Washington – Today, the U.S. Department of the Treasury’s Office of Foreign Assets Control (OFAC) identified Venezuelan national Pedro Luis Martin Olivares (Martin) as a significant foreign narcotics trafficker pursuant to the Foreign Narcotics Kingpin Designation Act (Kingpin Act). Additionally, OFAC designated Walter Alexander Del Nogal Marquez (Del Nogal) and Mario Antonio Rodriguez Espinoza (Rodriguez) for materially assisting in, or providing financial or technological support for or to, or providing goods or services in support of, the international narcotics trafficking activities of Martin. OFAC further designated 20 companies in Venezuela and Panama that are owned or controlled by these three individuals.
“This action is in response to Martin’s extensive drug trafficking and money laundering activities. Systemic corruption and a collapse in the rule of law are defining features of Venezuela’s government,” said Secretary of the Treasury Steven T. Mnuchin. “We will deny corrupt Venezuelan regime officials access to the US financial system as we work with international partners to support the Venezuelan people in restoration of democracy and a return to prosperity.”
As a result of today’s action, any assets in which these persons have an interest in the United States or in the possession or control of U.S. persons must be blocked and reported to OFAC. OFAC’s regulations generally prohibit all dealings by U.S. persons or within (or transiting) the United States that involve any property or interests in property of blocked persons.
Martin is a former Chief of Financial Intelligence for Venezuela’s National Directorate of Intelligence and Prevention Services (DISIP), which is now known as the Bolivarian National Intelligence Service (SEBIN). On April 24, 2015, Martin was indicted by a grand jury in the Southern District of Florida for willfully conspiring to distribute a controlled substance into the United States and possession with intent to distribute a controlled substance on board an aircraft registered in the United States.
Martin exploited his government position and accepted bribes from drug traffickers operating in Venezuela and Colombia as part of a broader scheme to facilitate the movement of narcotics from and through Venezuelan airspace; specifically, Martin shut down military radar and bribed other Venezuelan officials in furtherance of these activities. Martin also facilitated the movement of cocaine into Venezuela and paid Venezuelan military officials on Venezuela’s border with Colombia, allowing Martin’s associates to sell the cocaine to other drug trafficking organizations and corrupt Venezuelan officials. Martin has worked closely with other Venezuelan government officials to launder narcotics proceeds and other illicit funds, including Hugo Armando Carvajal Barrios, who was designated by OFAC on September 12, 2008 as a Specially Designated Narcotics Trafficker pursuant to the Kingpin Act.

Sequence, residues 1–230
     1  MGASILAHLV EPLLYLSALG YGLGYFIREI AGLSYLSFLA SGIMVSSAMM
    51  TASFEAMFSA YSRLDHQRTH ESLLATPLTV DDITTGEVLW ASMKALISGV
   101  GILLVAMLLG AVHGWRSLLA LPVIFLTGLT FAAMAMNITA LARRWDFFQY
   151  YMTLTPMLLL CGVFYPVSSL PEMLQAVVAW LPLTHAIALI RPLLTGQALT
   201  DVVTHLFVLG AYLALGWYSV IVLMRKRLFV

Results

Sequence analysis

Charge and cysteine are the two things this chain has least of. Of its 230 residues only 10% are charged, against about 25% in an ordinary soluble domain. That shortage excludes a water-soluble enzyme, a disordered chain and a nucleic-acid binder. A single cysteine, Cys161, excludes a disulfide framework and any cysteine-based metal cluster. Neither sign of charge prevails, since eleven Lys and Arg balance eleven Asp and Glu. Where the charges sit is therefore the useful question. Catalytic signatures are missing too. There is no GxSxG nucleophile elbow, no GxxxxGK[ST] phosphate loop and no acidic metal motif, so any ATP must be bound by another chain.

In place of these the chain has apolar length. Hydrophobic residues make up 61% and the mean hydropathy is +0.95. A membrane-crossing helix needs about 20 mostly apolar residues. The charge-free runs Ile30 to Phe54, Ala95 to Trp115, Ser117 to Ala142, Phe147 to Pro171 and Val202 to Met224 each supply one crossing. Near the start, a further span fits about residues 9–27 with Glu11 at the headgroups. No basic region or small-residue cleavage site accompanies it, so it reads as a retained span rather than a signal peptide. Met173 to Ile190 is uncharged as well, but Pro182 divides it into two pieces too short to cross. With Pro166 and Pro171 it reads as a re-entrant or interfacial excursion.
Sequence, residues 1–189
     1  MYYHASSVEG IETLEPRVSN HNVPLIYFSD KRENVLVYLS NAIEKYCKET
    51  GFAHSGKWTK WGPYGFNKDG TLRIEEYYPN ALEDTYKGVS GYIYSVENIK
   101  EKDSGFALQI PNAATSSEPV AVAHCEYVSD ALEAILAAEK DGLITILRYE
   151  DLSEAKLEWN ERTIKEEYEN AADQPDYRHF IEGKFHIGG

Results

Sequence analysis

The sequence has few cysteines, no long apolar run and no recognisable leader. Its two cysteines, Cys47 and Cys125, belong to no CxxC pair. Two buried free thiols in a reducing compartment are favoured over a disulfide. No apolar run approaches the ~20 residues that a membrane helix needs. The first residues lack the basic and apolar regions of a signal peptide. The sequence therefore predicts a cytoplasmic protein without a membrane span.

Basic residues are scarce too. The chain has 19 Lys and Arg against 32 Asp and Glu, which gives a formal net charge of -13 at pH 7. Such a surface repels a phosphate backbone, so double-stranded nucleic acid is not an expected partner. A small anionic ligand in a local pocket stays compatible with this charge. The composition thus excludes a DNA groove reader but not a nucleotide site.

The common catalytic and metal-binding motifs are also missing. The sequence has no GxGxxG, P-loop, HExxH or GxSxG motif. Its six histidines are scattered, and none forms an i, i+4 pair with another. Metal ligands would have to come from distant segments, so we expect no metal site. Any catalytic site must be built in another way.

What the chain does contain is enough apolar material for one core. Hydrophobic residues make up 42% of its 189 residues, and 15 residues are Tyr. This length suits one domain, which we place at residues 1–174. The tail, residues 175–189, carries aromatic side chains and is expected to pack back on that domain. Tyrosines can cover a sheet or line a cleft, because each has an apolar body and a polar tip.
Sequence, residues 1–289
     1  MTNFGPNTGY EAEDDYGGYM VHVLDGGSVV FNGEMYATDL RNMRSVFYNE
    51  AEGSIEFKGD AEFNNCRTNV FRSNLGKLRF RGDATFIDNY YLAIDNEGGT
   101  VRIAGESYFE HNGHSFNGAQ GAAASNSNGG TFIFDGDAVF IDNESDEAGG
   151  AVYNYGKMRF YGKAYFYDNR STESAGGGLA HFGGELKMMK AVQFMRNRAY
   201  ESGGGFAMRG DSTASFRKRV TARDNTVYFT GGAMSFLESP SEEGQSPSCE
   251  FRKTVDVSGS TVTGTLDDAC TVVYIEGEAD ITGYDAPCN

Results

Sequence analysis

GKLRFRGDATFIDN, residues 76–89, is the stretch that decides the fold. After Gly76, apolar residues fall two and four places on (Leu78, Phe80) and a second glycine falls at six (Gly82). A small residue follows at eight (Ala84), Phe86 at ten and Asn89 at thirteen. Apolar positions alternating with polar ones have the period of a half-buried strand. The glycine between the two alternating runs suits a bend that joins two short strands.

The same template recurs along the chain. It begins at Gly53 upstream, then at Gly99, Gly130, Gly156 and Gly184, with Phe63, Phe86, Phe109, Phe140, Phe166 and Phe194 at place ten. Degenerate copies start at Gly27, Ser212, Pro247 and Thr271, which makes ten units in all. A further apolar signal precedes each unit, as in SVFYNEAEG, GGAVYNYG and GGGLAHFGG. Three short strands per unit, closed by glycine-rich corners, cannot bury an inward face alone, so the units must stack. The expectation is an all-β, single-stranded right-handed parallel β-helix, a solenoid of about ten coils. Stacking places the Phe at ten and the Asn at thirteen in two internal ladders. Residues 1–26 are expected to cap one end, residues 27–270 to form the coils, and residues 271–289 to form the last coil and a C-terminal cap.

Martin has facilitated the movement of multi-ton loads of cocaine and uses a number of money laundering methods, including the movement of U.S. dollars in bulk by aircraft, couriers, and contracts with third parties.
Del Nogal is one of Martin’s partners, and helps Martin with drug distribution and money movements to Europe as well as laundering illicit narcotics proceeds out of Venezuela. Rodriguez is Martin’s top associate and right-hand man in Venezuela. Rodriguez helps Martin use their businesses to launder illicit proceeds from narcotics trafficking and extortion out of Venezuela.
Of the 20 companies designated today, 16 are based in Venezuela while the remaining four are located in Panama. These companies are allegedly used to launder illicit proceeds from both narcotics trafficking and extortion, and purportedly engage in a range of activities, including private security, transportation, installation of electronics, real estate, construction, finished oil products, consulting, and financial services.
Today’s OFAC designation was conducted in close coordination with the Drug Enforcement Administration and Customs and Border Protection’s National Targeting Center.
Since June 2000, more than 2,100 individuals and entities have been designated pursuant to the Kingpin Act for their role in international narcotics trafficking activities. Penalties for violations of the Kingpin Act range from civil penalties of up to $1,466,485 per violation to more severe criminal penalties. Criminal penalties for corporate officers may include up to 30 years in prison and fines up to $5 million. Criminal fines for corporations may reach $10 million. Other individuals could face up to 10 years in prison and fines pursuant to Title 18 of the United States Code for criminal violations of the Kingpin Act.